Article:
Marc Marquez, Honda and Repsol test sustainable fuels in Jarama

Marc Marquez and HRC conducted a test at the Jarama circuit in Spain with sustainable fuels developed by Repsol as racing looks to the future.

Marc Marquez testing sustainable fuels on Honda RC213V-S in Jarama. - Repsol Honda Team

With sustainability continuing to increase its presence in the mind of motorcycle manufacturers, the desire to continue using internal combustion engines does not fade. With this in mind, steps have been taken this week in the racing world to try to develop a sustainable future that does not solely rely on electrification.

MotoGP will move to 40% non-fossil fuels in 2024, and fully non-fossil fuels in 2027. In anticipation, Marc Marquez has been testing biofuels for Repsol in Jarama. 

The RC213V-S is an almost pointless motorcycle for those who own them outside of providing enjoyment. Its conventionally-firing V4 is out-dated by modern MotoGP standards where ‘big bang’ engines are the go-to method of finding manageable horsepower in the age of unified electronics, but it sounds good, and for Marc Marquez it provides an opportunity to get as close as possible to riding a MotoGP bike outside of race weekends. 

In this case, it has also provided a useful platform for Honda and Repsol to test biofuels. In Formula One, E10 fuels were introduced for 2022, and the difference it made was notable. Honda (or Red Bull Powertrains if you want to ignore reality) were very strong, Ferrari quite strong, Mercedes not very strong, and Renault very unreliable. The partly non-fossil fuel is a part of that, if not totally responsible, and in MotoGP the E40 fuel for 2024 will surely create similar challenges for the engineers responsible for the engines of each factory. 

Trying to get ahead of the game, then, is important, and that was the intention of the test in Jarama, as well as to create some PR around the fuel. 

For Repsol, the increasing price of fuel and the heating Earth means they are becoming increasingly unpopular just like all of the other oil companies, so using the factory MotoGP team they pay for and their 8-times World Champion rider to generate some more positive headlines is not a bad idea. 

Marquez completed only 12 laps, just a couple of days after a post-season MotoGP test in Valencia which left him lamenting the position HRC find themselves in with the current RC213V. 

Although the lap count was small, the test was essentially conducted to find out if there is a correlation between Repsol’s findings in the laboratory and what is discovered when the fuel is used on-track. 

MotoGP will not be Repsol’s first venture into competing with non-fossil fuels. The Repsol Rally Team already uses renewable fuels (50% non-fossil at the 2022 Dakar), and Repsol has supplied the French Formula 4 Championship with completely non-fossil fuels in 2022.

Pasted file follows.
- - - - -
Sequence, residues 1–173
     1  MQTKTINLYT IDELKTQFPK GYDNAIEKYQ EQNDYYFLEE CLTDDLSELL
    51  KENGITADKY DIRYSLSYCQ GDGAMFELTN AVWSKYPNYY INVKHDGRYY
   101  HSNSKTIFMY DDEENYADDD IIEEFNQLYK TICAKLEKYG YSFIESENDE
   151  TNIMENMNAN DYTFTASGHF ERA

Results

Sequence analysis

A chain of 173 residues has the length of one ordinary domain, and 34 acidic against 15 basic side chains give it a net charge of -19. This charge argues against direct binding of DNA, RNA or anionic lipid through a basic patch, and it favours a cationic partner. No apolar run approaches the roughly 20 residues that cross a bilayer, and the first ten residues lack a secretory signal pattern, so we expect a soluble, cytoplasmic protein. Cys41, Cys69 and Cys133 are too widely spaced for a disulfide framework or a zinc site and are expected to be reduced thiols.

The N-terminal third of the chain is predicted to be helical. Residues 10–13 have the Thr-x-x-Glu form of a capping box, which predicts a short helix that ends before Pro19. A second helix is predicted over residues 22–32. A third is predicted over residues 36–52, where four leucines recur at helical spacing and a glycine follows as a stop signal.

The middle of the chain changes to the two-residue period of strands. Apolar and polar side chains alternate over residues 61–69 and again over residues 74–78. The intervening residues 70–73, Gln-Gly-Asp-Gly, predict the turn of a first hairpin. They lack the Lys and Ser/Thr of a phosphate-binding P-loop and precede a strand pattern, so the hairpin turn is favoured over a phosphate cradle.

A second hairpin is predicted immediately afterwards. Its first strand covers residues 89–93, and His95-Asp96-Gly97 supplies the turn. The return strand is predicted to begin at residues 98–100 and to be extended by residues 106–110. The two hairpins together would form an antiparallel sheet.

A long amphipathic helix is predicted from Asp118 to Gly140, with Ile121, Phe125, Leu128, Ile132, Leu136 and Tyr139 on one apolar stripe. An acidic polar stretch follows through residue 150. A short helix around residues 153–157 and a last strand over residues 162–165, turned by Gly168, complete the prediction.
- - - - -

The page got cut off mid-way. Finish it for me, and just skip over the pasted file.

Whether Repsol’s preparation will be sufficient to put HRC in a good position for 2024 will not be certain until we arrive at the first race of that season, but perhaps the more important thing is the way this will help develop non-fossil fuels for road bikes. 

In a similar vein, the Japanese Superbike Championship (JSB) has announced that it will be using fully-fossil fuels from 2023. 

ETS Racing Fuels will be the supplier, and will make JSB the first motorcycle racing series in the world to use fully-sustainable fuel. The fuel is called Renewablaze NIHON R100 and “contains proprietary renewable components that allow to significantly reduce CO2 emissions while meeting the high-performance criteria demanded by today’s modern engines,” ETS Racing Fuels says. 

JSB is also the location (bar the Suzuka 8 Hour) of the last remaining ‘full factory’ superbikes, compared to WorldSBK, for example, where the regulations are quite restrictive about what has to remain stock. As such, for ETS to be providing all four major Japanese factories with sustainable fuel in JSB from 2023 shows a confirmation of the commitment to non-fossil internal combustion by the Japanese manufacturers.

This is somewhat in-line with the view of many Japanese firms that hydrogen is a viable alternative to battery electrics. By now, we are well into the collaboration of Yamaha and Kawasaki in the hydrogen project spearheaded by Toyota, who are so certain that hydrogen is the future of propulsion that they are trying to convince the FIA to make it part of the future plan for the World Rally Championship, where Toyota has recently won its fourth title in as many seasons. 

Here in the West the view tends more towards battery electrics, two of which have recently been revealed by Kawasaki, two more by Yamaha, and one from Honda. Suzuki also stated claimed that research and development of its own electric technology was a factor in its decision to leave MotoGP. All four major Japanese manufacturers are also a part of the Swappable Batteries Motorcycle Consortium. 

The use of sustainable fuels in JSB and Honda’s commitment to biofuels with Repsol both show that Japanese manufacturers are committed to trying to develop a future for the internal combustion engine. At the same time, the electric plans of three of the four are already being established and are producing their first vehicles. 

Does this show hypocrisy? Or a lack of commitment to either solution that will ultimately result in the failure of both? That might prove to be true, but in actuality things remain very open. 

Also in Europe, where as previously mentioned the battery electric solution is generally preferred by manufacturers and sustainability-focused enthusiasts, Ducati is focusing not on one sustainable mobility solution, but several, including biofuels which it will develop in MotoGP in the coming years with Shell, and electrics, which it will develop in MotoE, in racing, which has seemingly reclaimed some of the road relevance it had lost in recent years.

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